The development of the 35-mm or candid camera by Oskar Barnack of the Ernst Leitz company.
According to "The Development
of 35mm Photography"
An early 35mm still camera was the Tourist Multiple from 1914 with standard 35mm film for 750 exposures that utilized the 18x24mm so-called half frame like 35mm motion picture cameras did. Several cameras that were adapted from motion picture photography for still use were also created around the same time. However, the prototype Ur-Leica (invented by Oskar Barnack while working for Ernst Leitz) from 1913 used the standard 24x36mm image size on standard, 35mm film. It was different and it lead to a revolution in camera design.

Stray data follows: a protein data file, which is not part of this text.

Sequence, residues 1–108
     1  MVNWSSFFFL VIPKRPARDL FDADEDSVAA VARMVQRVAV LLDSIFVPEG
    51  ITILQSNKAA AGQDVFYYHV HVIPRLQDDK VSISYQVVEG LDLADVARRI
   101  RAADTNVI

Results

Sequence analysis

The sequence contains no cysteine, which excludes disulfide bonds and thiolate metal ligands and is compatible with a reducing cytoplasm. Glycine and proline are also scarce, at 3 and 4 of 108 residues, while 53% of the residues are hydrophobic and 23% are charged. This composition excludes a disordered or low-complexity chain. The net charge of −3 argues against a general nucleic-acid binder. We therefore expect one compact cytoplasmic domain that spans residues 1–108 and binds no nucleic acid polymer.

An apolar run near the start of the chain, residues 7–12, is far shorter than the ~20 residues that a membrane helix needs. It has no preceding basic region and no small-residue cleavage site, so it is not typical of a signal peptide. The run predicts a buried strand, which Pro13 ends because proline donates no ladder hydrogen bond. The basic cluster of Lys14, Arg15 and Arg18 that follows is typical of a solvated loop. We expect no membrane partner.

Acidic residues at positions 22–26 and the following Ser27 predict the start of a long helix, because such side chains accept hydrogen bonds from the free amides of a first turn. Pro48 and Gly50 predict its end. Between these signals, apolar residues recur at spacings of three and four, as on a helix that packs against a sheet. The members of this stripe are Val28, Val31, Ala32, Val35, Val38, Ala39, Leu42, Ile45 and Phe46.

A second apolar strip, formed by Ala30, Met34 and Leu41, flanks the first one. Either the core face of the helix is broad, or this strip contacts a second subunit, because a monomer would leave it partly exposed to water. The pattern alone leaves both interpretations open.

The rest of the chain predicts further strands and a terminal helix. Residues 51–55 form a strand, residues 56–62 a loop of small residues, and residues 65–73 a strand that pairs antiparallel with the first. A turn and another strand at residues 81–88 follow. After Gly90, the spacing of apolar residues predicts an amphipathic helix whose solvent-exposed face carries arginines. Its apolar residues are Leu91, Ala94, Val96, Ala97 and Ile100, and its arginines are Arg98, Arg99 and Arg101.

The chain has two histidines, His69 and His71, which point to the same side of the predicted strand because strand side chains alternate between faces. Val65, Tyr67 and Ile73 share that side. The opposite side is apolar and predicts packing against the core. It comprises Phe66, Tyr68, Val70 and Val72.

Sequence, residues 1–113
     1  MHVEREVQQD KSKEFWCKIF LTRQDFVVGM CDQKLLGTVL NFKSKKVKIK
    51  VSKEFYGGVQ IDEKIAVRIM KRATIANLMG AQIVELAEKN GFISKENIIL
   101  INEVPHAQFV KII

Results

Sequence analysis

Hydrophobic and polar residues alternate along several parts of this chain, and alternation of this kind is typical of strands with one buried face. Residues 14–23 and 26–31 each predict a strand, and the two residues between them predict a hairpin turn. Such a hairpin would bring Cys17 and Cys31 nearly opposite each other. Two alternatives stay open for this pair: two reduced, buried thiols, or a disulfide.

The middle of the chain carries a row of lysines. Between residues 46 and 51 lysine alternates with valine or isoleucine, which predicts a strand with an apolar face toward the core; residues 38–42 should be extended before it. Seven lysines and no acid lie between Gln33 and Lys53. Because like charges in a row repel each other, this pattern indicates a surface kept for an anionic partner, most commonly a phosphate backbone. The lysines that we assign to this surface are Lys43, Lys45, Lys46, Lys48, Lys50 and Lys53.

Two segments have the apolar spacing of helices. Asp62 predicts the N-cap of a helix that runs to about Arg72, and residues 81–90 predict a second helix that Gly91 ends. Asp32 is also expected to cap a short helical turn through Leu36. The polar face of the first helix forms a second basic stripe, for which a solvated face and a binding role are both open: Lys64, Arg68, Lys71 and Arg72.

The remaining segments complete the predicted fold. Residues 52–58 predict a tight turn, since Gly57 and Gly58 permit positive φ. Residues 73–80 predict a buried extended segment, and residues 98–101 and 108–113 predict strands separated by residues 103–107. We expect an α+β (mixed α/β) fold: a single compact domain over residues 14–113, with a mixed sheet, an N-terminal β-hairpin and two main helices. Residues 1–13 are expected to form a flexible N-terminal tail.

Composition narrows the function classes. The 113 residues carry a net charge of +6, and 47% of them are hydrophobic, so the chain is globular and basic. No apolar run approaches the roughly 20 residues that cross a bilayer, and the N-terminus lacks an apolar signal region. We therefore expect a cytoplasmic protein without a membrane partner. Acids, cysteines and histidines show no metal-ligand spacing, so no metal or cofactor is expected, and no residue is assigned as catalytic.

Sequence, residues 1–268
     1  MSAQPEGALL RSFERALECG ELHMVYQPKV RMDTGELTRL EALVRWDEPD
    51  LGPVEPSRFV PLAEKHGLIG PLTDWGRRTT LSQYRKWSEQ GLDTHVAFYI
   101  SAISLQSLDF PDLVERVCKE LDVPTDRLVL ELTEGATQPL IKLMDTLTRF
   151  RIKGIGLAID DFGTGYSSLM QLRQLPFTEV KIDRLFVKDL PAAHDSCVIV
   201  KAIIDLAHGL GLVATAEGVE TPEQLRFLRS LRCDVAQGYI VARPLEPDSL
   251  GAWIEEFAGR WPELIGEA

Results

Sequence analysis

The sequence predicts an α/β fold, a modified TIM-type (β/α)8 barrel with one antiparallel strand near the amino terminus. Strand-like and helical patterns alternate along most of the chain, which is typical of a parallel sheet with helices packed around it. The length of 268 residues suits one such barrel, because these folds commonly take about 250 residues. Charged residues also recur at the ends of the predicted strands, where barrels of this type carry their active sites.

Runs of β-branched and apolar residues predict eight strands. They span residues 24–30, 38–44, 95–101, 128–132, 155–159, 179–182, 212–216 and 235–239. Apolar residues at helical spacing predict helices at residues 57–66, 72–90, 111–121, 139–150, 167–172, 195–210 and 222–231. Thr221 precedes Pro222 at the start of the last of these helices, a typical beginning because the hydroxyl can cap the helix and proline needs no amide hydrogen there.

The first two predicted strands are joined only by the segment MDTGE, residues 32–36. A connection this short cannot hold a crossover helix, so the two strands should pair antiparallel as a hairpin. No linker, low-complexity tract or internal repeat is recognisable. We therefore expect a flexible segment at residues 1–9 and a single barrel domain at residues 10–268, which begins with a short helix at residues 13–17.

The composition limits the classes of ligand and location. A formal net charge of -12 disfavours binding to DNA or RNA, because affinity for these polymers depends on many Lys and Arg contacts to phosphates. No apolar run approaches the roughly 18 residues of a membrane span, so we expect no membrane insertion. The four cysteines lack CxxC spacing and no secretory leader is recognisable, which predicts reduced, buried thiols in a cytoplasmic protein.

As early as 1905, he had the idea of reducing the format of negatives and then enlarging the photographs after they had been exposed. As development manager at Leica, he was able to put his theory into practice. He took an instrument for taking exposure samples for cinema film and turned it into the world's first 35 mm camera: the 'Ur-Leica'.
History of Leica
The history of Leica - a summary of the most important milestones.
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